3. “The District does not have a tenant for the Peebles building.”  It has been confirmed that LaRoche College is the potential tenant for Peebles Elementary.  Since an official legal document is not in place, the district can technically state it “does not have a tenant.”  The administration illustrated its fondness for semantics when it recently told the Tribune Review it had “no substitute costs” because its substitutes were hired through a contractor.  Given the administration’s cost savings calculation is contingent on $1M of “Potential Lease Revenue,” it’s clear that there is indeed a tenant for Peebles.

Saving the best for last: “Mr. Thomas donated his services free of charge to complete this work.”  So, Mr. Thomas, a consultant from a construction management firm, “donated all of his services” to complete the Phase 2 report and recommended closing a school with $0 repairs instead of one with $14 million in repairs.  Nothing more needs to be said.

There is a North Allegheny school board meeting on Wednesday, October 24th at 7pm at the Central Admin Offices that will cover information relevant to all elementary school parents. At this meeting, the district’s administration will provide an update on the Phase II Demographics and Feasibility Study and document their work

over the past month. More specifically, the administration will review:

1) Building capacities,
2) Enrollment trends, and the
3) Current educational program.

The administration will also share their “modeling” criteria for different scenarios (e.g. closing an elementary school), communication, and next steps.

Elementary school parents are encouraged to attend so that they can hear first-hand the details of all proposals being considered by the administration and the school board.

Parents demand formation of a community task force to tackle both issues

By Richard Cook, NA Patch
September 26, 2012

For the second time this month, the North Allegheny School board got an earful from elementary school parents who say they are frustrated by increasing class sizes and fearful the board will close at least one elementary school.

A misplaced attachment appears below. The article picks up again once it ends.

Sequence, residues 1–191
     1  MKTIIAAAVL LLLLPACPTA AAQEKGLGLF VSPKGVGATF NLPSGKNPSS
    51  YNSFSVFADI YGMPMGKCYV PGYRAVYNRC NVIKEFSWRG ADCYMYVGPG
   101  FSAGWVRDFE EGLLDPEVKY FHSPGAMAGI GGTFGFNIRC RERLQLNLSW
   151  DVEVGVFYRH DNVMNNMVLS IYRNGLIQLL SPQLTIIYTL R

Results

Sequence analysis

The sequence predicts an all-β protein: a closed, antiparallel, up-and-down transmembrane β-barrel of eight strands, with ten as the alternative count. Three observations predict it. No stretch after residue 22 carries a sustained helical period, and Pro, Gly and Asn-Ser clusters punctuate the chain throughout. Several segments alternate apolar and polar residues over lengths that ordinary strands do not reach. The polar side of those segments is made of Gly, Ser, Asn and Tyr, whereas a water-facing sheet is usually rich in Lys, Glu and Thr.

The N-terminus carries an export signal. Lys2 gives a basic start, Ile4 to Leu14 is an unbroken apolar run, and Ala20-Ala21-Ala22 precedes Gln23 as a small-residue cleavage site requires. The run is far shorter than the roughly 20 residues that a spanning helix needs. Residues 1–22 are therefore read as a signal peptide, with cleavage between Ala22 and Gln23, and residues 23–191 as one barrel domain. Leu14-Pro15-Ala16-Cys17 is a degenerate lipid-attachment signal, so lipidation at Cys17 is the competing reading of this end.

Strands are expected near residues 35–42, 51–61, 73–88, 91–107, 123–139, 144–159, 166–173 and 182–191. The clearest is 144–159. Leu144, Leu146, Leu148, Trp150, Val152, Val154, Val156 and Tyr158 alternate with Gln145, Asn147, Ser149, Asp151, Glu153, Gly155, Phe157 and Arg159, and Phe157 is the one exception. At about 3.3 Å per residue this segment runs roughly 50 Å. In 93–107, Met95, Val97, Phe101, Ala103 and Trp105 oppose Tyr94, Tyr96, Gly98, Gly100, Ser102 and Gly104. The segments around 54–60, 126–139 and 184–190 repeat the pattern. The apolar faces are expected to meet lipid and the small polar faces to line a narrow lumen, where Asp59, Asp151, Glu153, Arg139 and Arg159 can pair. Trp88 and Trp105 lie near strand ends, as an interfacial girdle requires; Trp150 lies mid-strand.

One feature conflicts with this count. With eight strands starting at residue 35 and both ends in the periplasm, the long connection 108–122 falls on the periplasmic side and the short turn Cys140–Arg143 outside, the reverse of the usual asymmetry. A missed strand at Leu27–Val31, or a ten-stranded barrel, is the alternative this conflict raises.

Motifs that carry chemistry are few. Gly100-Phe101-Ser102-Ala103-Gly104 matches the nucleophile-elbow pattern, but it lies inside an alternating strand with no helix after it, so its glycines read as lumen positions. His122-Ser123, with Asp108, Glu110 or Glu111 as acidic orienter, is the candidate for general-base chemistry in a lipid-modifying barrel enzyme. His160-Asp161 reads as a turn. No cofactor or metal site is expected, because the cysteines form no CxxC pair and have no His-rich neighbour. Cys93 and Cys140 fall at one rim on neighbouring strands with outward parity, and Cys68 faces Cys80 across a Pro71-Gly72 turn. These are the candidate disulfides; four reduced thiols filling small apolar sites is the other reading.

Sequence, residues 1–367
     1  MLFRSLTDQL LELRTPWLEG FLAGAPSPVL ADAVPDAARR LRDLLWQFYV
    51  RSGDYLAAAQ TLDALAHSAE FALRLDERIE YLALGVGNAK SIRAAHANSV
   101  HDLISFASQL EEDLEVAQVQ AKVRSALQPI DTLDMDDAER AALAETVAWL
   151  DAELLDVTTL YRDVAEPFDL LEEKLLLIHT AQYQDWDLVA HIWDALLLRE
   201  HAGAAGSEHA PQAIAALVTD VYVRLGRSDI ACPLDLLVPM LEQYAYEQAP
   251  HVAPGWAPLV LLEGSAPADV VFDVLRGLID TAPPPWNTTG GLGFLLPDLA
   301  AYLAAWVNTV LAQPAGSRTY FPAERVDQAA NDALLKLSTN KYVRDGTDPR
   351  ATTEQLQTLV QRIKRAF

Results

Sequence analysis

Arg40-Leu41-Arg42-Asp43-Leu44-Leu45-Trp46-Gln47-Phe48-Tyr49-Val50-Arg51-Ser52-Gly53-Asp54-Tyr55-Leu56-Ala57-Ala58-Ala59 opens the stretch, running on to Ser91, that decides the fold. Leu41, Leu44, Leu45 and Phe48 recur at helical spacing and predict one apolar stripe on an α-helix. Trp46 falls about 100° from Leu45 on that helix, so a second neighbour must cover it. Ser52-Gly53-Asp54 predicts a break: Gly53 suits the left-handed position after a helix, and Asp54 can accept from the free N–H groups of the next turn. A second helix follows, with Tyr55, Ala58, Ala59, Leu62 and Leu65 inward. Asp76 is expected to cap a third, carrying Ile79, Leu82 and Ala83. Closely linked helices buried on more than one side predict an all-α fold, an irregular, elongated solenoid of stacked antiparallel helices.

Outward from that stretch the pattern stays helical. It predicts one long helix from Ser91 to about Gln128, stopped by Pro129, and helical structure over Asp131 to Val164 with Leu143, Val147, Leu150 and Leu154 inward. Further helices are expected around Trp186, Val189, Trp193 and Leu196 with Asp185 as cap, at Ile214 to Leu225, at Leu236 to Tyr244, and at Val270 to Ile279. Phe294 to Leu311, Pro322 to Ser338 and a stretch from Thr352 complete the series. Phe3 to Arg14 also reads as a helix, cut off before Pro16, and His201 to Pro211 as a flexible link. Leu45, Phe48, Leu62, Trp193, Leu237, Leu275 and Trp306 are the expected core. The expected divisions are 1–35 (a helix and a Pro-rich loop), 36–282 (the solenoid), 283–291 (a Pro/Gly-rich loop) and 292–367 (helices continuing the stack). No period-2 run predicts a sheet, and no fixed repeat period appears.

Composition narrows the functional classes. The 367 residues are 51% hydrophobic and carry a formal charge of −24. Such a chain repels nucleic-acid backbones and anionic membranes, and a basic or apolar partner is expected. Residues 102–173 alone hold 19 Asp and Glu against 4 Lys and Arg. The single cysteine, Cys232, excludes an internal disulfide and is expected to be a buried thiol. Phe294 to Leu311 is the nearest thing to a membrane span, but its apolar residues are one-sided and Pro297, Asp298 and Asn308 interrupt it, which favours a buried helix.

At the most recent meeting Sept. 19, more than a half-dozen parents waited nearly two hours to address the board at the end of its regular agenda.

“My daughter goes to Hosack Elementary. Her class has 32 students,” Bill Lungren told the board.

“I had a chance to visit her classroom the other week, and I noticed there was hardly any room to move around,” Lungren said. “The desks were practically stacked on top of each other. Were these rooms designed by the original architect to handle this many students?”

School board member Linda Bishop said the district has increased class sizes to help balance its current budget.

“We’re now at the point where some very difficult decisions are going to have to be made, and one of those already this year was to float some of the class sizes,” Bishop said. “We didn’t furlough any teachers. We simply didn’t replace some teachers who retired.”

Kevin Mahler, who said he was speaking on behalf of a group of concerned parents, said he believes class size will inevitably impact the quality of education for the children of North Allegheny.

“As the cliché says, perception is reality, and there is an overwhelming perception that people like smaller class sizes, especially parents when they are choosing a school district,” he said.

Mahler said he wants the district to clearly define a policy and set limits for class sizes, particularly in the elementary schools.